John Smyth had been a clergyman of the Church of England, and held the living of Gainsborough, Lincolnshire. On leaving that Church he became a minister among the Brownists, who esteemed him so highly that Bishop Hall calls him their "oracle in general." After a toilsome and perilous service of about fifteen years, during which he and his friends had suffered much from Elizabethan tyranny, it was deemed necessary to abandon the field, in order to preserve life and liberty. In the year 1606 he joined a party of emigrants who settled in Amsterdam. There they united with an English Church which had been formed some time before. But Mr. Smyth's connection with that Church was not of long duration. He had left
the Church of England for the Brownists, and now more mature reflection led him to take another step. The Brownists denied that the Church of England was a true Church, and therefore they re-ordained all ministers who went over to them from that Church, accounting its ordinances null and void. But they did not re-baptize. This appeared to Mr. Smyth an inconsistency. He thought that if the ordination was invalid, the baptism was no less so. Investigation followed, which was extended to the whole question of baptism, and issued in the conviction that believers are the only subjects of the ordinance, and that immersion is essential to it. Some of Mr. Smyth's friends shared in the conviction. There has been much dispute respecting the manner in which they proceeded, some maintaining that Smyth baptized himself and then baptized the others. It is a thing of small consequence. Baptists do not believe in Apostolic succession, as it is commonly held. But the probability is, that one of the brethren baptized Mr. Smyth, and that he then baptized the others. The number of these brethren soon increased greatly. A Church was formed, of which Mr. Smyth was chosen pastor. At his death, which took place in 1611, Mr. Thomas Helwys was appointed in his place. In the above-mentioned year, before Mr. Smyth's death, the Church published a Confession of Faith, in twenty-six articles.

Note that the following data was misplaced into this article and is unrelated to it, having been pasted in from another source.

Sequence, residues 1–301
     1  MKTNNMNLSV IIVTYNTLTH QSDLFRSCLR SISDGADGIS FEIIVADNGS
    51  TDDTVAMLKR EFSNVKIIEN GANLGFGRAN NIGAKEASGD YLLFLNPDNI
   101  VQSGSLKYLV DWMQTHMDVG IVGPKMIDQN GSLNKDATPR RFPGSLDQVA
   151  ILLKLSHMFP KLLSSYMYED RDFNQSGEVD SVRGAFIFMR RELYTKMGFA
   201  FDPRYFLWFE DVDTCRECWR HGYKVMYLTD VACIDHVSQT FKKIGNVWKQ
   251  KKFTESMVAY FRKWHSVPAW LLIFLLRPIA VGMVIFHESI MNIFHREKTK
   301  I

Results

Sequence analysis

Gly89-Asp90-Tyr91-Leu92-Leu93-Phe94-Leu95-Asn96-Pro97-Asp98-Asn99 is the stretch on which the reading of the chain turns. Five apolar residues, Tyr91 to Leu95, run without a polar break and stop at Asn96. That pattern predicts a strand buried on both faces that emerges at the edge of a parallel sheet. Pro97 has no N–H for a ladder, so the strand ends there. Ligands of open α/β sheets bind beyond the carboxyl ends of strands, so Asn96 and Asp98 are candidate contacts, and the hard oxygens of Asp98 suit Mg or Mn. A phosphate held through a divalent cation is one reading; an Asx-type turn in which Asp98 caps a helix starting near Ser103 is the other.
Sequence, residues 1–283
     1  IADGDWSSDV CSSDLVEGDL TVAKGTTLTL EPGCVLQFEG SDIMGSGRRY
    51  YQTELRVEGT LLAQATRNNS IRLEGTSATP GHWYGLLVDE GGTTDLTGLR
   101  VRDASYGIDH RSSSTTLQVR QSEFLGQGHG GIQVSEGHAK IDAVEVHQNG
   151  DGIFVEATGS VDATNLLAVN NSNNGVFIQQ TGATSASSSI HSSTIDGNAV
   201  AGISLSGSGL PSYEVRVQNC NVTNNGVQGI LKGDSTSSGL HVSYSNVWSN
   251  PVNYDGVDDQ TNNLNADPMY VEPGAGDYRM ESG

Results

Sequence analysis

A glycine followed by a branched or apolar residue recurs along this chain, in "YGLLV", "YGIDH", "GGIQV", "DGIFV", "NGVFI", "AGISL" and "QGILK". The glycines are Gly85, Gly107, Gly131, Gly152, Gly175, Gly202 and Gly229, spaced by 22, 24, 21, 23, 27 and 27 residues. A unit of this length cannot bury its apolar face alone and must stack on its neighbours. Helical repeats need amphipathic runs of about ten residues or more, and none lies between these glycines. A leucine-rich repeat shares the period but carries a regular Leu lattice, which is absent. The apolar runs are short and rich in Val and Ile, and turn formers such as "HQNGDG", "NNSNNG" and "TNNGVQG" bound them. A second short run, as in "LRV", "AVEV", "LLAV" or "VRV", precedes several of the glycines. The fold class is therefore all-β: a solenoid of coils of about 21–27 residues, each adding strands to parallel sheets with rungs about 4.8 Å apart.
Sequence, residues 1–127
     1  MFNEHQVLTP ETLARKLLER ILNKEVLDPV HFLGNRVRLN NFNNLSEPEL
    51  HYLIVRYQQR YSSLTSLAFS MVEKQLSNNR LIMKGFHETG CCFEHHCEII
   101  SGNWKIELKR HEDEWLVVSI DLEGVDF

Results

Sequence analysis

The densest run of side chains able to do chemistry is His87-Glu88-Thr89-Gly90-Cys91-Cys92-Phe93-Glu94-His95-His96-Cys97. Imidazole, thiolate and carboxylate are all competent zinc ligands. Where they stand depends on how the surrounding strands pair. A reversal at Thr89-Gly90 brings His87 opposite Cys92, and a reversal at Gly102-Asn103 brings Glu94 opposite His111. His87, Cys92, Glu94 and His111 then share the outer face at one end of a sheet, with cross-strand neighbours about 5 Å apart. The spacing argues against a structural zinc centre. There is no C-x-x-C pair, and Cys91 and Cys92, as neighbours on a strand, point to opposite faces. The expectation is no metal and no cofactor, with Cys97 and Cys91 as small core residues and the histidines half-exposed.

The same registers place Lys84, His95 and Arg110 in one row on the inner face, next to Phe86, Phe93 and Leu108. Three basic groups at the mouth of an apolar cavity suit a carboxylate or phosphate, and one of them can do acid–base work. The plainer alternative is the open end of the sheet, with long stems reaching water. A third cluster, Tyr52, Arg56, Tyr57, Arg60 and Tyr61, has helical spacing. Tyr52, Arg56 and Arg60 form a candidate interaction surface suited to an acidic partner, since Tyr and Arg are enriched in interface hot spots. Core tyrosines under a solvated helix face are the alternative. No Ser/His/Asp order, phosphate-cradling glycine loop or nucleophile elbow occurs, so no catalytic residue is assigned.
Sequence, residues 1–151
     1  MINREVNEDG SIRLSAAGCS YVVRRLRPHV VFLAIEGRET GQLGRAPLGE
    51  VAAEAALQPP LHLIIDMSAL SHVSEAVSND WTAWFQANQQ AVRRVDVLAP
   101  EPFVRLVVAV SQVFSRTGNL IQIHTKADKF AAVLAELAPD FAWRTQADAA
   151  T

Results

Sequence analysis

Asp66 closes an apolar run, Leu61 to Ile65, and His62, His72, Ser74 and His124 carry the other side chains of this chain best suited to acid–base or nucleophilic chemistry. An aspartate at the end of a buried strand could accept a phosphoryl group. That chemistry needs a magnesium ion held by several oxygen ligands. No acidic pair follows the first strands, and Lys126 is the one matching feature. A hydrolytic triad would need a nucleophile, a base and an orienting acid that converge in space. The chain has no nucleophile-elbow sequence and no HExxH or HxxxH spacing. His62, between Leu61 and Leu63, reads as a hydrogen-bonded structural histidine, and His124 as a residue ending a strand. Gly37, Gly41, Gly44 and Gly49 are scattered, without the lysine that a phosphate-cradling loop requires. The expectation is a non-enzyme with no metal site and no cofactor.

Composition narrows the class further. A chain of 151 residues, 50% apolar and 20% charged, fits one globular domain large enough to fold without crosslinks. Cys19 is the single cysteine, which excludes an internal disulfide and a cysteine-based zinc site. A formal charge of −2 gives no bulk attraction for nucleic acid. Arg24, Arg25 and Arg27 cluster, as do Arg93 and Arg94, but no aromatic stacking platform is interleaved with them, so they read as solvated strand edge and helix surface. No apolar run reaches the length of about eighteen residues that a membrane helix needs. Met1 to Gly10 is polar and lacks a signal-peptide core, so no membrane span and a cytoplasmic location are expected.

[From J. M. Cramp, Baptist History, 1871; reprint, 1987, pp. 254-255. Scanned and formatted by Jim Duvall.]
More on Cramp's British Bios
More Baptist Biographies
Baptist History Homepage